“Being a Constitutionalist requires practice,” opined Richard. Elected officials need to ask themselves not just ‘what would Jesus do,’ but a second question: what would Jefferson do?

Elected officials aren’t trained to uphold their oath of office and the Constitution. “We’re not thinking the right way.” As an example, he stood alone in his county in an effort to nullify SB236. A further test was when he went to the recent Maryland Association of Counties meeting and asked six random county officials about what they would do if an order was passed down to confiscate guns in their county.

“Three of them said they don’t know, and the other three said they would resign from office,” Richard charged. “Not one said they would nullify, interpose, or engage their locally elected sheriff to defend their citizens’ Constitutional rights.” That was the fundamental problem.

Richard even spoke on comments he made regarding the SB236 Tier IV opt-out provision proposed right here in Wicomico County. (The original post is on the Conduit Street blog.) “They do this because we let them…we are tolerating the intolerable.”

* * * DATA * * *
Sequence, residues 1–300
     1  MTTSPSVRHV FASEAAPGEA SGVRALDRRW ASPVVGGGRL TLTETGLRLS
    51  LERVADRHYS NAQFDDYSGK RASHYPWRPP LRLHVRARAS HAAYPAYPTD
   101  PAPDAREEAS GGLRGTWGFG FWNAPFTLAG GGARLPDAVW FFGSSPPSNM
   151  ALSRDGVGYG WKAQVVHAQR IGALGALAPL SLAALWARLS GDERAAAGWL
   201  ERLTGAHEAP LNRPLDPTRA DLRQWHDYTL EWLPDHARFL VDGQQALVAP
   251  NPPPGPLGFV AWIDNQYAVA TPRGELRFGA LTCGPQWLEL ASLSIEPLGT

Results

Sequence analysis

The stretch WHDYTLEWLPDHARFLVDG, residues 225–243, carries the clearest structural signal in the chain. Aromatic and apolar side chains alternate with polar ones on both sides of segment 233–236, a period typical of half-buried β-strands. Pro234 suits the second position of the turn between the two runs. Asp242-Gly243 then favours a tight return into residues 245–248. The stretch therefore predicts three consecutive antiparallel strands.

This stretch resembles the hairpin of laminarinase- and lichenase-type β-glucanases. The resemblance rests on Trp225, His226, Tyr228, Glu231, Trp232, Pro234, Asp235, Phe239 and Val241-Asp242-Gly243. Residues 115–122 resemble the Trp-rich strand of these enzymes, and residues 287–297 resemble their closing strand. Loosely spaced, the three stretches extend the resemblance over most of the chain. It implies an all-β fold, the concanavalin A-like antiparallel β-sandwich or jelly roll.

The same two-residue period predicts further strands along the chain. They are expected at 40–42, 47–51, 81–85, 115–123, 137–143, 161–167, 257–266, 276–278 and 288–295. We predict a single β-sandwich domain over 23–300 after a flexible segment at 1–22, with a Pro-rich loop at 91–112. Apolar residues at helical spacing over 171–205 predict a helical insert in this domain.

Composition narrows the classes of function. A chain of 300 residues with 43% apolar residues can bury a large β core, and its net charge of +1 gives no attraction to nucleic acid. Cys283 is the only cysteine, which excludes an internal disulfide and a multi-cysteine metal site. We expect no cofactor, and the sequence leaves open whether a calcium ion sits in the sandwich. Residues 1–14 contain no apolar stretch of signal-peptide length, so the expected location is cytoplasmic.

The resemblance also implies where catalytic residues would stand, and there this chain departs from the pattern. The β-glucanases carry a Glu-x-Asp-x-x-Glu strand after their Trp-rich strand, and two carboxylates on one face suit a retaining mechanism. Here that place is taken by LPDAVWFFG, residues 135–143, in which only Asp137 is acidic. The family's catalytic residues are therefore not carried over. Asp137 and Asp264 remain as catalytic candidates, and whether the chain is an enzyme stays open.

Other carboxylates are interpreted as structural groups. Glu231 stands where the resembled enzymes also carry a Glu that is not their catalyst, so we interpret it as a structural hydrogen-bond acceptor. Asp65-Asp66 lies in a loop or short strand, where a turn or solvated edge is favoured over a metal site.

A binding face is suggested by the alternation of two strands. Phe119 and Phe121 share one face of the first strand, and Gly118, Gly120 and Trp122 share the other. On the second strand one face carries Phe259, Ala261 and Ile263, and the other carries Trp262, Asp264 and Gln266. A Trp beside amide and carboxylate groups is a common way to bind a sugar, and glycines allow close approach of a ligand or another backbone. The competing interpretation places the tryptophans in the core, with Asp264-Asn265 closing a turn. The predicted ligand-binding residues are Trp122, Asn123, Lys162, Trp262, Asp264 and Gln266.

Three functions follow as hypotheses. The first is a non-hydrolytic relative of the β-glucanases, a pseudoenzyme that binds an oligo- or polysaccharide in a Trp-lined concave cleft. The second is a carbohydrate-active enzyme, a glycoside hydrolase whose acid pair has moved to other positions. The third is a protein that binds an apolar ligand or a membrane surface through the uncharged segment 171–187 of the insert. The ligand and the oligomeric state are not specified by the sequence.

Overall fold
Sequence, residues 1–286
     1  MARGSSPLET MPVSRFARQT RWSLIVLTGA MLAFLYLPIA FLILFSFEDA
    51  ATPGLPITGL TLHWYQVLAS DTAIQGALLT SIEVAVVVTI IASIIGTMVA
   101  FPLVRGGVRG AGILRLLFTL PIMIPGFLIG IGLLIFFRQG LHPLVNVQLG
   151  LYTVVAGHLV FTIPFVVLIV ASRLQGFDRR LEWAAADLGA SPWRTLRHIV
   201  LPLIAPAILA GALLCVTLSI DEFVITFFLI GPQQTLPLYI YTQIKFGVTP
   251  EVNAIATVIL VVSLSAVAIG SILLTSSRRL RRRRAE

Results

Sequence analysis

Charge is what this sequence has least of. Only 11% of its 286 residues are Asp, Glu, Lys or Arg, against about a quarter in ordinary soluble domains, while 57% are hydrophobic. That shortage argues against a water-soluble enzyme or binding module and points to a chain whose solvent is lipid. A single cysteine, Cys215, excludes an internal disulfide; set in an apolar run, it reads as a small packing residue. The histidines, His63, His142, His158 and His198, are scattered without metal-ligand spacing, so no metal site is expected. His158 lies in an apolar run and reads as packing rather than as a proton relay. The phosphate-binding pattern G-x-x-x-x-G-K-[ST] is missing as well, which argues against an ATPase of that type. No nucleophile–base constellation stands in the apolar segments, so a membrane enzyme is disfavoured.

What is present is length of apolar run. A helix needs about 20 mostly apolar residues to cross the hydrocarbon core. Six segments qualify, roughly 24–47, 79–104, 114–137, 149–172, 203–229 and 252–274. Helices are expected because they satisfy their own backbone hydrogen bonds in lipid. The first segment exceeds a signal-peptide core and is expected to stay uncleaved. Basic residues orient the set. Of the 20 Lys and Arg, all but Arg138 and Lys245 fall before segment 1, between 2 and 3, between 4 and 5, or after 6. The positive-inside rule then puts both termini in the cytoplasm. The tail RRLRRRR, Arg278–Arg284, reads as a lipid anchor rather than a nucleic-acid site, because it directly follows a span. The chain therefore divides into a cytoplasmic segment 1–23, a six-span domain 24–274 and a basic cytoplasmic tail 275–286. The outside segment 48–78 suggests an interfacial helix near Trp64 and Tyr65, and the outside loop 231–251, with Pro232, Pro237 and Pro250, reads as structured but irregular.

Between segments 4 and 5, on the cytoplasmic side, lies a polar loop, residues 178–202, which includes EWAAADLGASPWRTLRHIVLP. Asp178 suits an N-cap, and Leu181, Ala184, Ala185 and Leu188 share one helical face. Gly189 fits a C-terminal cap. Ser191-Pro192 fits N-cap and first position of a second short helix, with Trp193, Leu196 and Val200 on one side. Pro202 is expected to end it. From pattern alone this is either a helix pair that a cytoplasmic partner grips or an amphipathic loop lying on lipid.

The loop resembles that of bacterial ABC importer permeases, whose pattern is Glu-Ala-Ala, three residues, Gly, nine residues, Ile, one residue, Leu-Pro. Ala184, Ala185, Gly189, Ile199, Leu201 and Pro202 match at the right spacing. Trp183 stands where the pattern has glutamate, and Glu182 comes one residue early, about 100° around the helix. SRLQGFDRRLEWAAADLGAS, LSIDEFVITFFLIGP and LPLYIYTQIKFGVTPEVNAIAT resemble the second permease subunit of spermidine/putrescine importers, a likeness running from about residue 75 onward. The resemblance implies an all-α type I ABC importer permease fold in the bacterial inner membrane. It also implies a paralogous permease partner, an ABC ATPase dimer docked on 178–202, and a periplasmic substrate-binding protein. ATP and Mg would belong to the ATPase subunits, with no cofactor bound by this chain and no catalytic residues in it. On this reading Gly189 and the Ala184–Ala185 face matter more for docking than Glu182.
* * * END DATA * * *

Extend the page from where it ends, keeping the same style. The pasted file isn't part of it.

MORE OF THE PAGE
“I don’t negotiate one-sided contracts…we shouldn’t even engage,” Richard opined, “Constitutional rights are non-negotiable.” Rothschild vowed to work with the Institute on the Constitution to put together a training course on how to uphold their oath of office.

“(Liberal groups are) going to spend a fortune to try to defeat like Blaine and people like me during the next election because they hate us,” Richard concluded to a raucous standing ovation. And he’s right.

The final session of the morning discussed the “War on Jobs,” with Judicial Watch President Tom Fitton and Delegate Nic Kipke, who was introduced as a member of the Maryland Health Reform Coordinating Council. Fitton focused on illegal immigration while Kipke naturally looked at Obamacare. “Nic knows more about Obamacare than the legislators who voted for it in 2010,” noted moderator Paul Mendez of Help Save Maryland.

Fitton described his work with Help Save Maryland and other legal groups interested in upholding the idea that workplaces should have workers here legally. But that fight began with Montgomery County Community College giving in-state tuition to illegal aliens. “They thought they could get away with it,” noted Fitton. A nice thing about Maryland law, he continued, was that it has a provision allowing citizens standing to sue the government to prevent illegal expenditures of funds.